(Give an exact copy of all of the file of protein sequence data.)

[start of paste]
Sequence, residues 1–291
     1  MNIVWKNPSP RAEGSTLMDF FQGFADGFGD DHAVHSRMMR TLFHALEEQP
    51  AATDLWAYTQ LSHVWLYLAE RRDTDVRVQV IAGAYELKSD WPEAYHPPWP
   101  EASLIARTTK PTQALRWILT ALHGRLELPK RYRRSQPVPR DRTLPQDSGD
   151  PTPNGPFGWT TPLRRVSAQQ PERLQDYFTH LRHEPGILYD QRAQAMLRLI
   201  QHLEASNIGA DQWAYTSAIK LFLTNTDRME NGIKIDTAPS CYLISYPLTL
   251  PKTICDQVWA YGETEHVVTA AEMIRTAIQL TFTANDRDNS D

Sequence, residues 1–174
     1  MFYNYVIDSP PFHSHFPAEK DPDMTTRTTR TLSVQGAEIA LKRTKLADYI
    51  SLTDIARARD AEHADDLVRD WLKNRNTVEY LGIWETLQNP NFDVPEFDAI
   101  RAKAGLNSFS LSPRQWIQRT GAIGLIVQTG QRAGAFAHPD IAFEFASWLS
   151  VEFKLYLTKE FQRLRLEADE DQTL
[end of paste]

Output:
Sequence, residues 1–291
     1  MNIVWKNPSP RAEGSTLMDF FQGFADGFGD DHAVHSRMMR TLFHALEEQP
    51  AATDLWAYTQ LSHVWLYLAE RRDTDVRVQV IAGAYELKSD WPEAYHPPWP
   101  EASLIARTTK PTQALRWILT ALHGRLELPK RYRRSQPVPR DRTLPQDSGD
   151  PTPNGPFGWT TPLRRVSAQQ PERLQDYFTH LRHEPGILYD QRAQAMLRLI
   201  QHLEASNIGA DQWAYTSAIK LFLTNTDRME NGIKIDTAPS CYLISYPLTL
   251  PKTICDQVWA YGETEHVVTA AEMIRTAIQL TFTANDRDNS D

Sequence, residues 1–174
     1  MFYNYVIDSP PFHSHFPAEK DPDMTTRTTR TLSVQGAEIA LKRTKLADYI
    51  SLTDIARARD AEHADDLVRD WLKNRNTVEY LGIWETLQNP NFDVPEFDAI
   101  RAKAGLNSFS LSPRQWIQRT GAIGLIVQTG QRAGAFAHPD IAFEFASWLS
   151  VEFKLYLTKE FQRLRLEADE DQTL